Essaouira, situated on Morocco’s Atlantic coast, is a crossroads of North Africa and the Mediterranean. It blends vivid blues and dazzling whitewash with streaming djellabas and spices’ scent, and golden-stone city walls surround it. French, Arab, Roman, and African elements all come together to create a laid-back seaside town.
With 300 days of sunshine and reliably warm but not scorching temperatures, it’s the ideal short-break spot. Despite the lack of must-see attractions, Essaouira is a fun place to spend a few relaxing days, whether for a weekend getaway or as part of more extended Morocco travel plans.
What makes Essaouira so special?
Essaouira, a glamorous city on Morocco’s Atlantic coast, is considered an absolute delight for surfers, beach lovers, and Morocco tourists. Pretty lanes with blue doors, cozy cafés, oriental souks, the exclusive fish market, and an ancient citadel with tall city walls are just a few of the beautiful places to visit in this seaside area. There are so many secret places and knowledge to discover inside the ancient Medina. As well, Essaouira’s beach is stunning. It is a popular vacation spot for surfers, kiteboarders, and beach bums.
This guide provides you with the most important details and tips for a day trip to Essaouira or a great vacation. We’ll give you unique insider details and show you the most beautiful spots to see and activities to do.
The best things to do in Essaouira, Morocco
Essaouira, one of Morocco’s ancient cities, has a wide variety of beautiful things to see and do, as well as unique attractions. We’ve assembled a list of the city’s most beautiful spots and highlights:
The Medina in Essaouira, formerly known as Mogador, has been designated as a UNESCO World Heritage Site for its distinctive combination of Moroccan and European styles. Rolling into Essaouira’s Medina isn’t like walking into a labyrinth, as it is in many other Moroccan towns and cities, so you’ll have a fair chance of not getting lost.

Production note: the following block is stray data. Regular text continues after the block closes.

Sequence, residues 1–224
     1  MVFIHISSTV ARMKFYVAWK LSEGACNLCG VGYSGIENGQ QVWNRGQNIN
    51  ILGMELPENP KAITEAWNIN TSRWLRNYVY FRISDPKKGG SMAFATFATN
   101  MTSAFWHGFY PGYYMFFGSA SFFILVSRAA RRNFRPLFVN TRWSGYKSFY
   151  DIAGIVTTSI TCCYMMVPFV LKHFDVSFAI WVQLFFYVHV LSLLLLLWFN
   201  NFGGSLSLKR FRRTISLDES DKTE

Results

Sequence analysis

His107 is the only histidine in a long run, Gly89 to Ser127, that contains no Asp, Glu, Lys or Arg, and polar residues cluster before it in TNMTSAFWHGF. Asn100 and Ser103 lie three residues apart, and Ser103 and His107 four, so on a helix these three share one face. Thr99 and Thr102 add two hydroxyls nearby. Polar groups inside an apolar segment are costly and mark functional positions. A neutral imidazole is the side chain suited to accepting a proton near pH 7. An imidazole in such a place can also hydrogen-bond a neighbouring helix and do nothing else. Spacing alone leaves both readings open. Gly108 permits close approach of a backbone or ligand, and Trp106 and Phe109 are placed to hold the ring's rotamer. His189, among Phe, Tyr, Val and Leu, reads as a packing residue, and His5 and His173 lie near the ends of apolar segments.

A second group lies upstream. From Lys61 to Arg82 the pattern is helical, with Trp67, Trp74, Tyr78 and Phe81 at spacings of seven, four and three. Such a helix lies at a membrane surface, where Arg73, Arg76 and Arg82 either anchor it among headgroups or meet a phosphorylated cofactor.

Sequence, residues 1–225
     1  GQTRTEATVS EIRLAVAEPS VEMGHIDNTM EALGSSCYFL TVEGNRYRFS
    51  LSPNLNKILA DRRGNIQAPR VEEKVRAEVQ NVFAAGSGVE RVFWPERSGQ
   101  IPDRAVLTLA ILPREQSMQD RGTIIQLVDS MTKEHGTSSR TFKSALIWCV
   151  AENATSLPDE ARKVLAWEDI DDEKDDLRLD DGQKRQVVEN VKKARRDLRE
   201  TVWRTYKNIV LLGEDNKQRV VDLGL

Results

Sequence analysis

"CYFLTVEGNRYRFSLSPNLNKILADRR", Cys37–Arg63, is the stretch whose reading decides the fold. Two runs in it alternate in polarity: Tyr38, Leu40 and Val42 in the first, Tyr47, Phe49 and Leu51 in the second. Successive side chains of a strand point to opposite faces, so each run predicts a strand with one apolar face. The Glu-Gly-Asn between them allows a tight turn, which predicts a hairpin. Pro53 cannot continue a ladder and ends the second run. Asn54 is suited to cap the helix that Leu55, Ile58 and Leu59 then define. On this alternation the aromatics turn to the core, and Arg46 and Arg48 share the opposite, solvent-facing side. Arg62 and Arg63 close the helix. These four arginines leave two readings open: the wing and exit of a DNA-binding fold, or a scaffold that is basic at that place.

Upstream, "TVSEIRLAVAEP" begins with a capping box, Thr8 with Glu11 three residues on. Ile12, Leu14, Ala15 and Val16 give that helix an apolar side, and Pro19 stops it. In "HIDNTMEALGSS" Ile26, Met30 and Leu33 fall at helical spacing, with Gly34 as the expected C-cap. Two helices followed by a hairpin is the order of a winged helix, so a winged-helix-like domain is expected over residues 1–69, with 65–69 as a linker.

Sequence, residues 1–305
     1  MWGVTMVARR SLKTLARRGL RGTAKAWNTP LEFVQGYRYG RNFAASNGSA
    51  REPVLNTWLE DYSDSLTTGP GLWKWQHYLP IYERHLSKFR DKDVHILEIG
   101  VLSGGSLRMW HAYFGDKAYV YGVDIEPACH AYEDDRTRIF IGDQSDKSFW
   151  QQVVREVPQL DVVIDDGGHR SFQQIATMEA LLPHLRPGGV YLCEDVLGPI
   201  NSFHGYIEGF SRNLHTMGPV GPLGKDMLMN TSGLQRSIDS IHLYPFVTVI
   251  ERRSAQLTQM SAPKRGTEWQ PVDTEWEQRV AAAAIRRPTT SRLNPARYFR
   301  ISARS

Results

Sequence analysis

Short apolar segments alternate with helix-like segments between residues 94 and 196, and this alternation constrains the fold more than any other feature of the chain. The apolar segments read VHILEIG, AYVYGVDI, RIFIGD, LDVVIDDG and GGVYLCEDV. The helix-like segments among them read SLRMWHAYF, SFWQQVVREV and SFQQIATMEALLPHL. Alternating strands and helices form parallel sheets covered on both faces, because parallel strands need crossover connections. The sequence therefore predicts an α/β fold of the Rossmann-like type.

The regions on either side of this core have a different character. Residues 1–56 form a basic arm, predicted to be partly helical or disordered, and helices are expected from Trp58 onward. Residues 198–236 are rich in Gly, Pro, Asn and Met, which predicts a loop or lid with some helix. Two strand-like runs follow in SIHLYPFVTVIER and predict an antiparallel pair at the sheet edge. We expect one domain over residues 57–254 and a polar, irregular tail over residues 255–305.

There’s many of twists and turns as you walk down narrow alleyways lined by tall whitewashed buildings. It is, however, based on a grid system influenced by French architecture, making it much easier to navigate. Place Moulay Hassan, a wide pedestrianized square where you can find a table in one of the cafés for the ideal people-watching location, is the media center.
The souks of Essaouira are far more tranquil than those of Morocco’s other major cities, such as Marrakech or Fez. The streets are less congested and hectic. And the salesmen are more courteous and less disruptive. There are things to buy for fixed rates in certain stores, but not everywhere. In many places, however, bargaining is still needed. Colorful clothes and trendy scarves, hippie garments, bags, jewelry, and beautiful accessories, as well as spices and argan oil or argan oil items, can all be found in the souks. The pretty ceramic ware is pretty incredible, and some of it is displayed on the city house’s walls.
Blow the cobwebs away on the beach
Essaouira is known as the ‘windy city,’ and it’s an apt moniker. However, the trade winds blowing into the bay hold summer temperatures in the mid-20s °C, while the rest of Morocco swelters in the sun. You can still get some beach time if you don’t mind a little sandblasting.
Most beachgoers, however, choose to do anything other than sunbathing. The bay’s mild, calm waters are ideal for windsurfing or kitesurfing, and even if you don’t try it yourself, it’s a sight to behold. You can also do camel riding through the sand dunes, beach horseback riding, or rent a bike or walk along the beachfront pier.
Watch the boats come in
Essaouira was Morocco’s largest port in the nineteenth century. The ‘Port of Timbuktu’ was named after the caravans that carried gold and spices from Sub-Saharan Africa to be shipped out to Europe and the Americas. Since the water isn’t deep enough for huge modern ships, the port’s cargo is a little smaller today. There’s still plenty going on around the harbor, and one of the most common things to do in Essaouira is to watch the fishermen at work.
Fishers mending nets and shipbuilders working on the famous blue wooden fishing vessels, which are still in use today, are well-known sights. The fishing boats arrive between 3 and 5 p.m., and the fishermen bid off their fish. You will observe the back-and-forth bargaining. Pick up any fish or seafood to have grilled at stalls along the port’s edge. Hundreds of seagulls and stray cats would fight over any leftovers.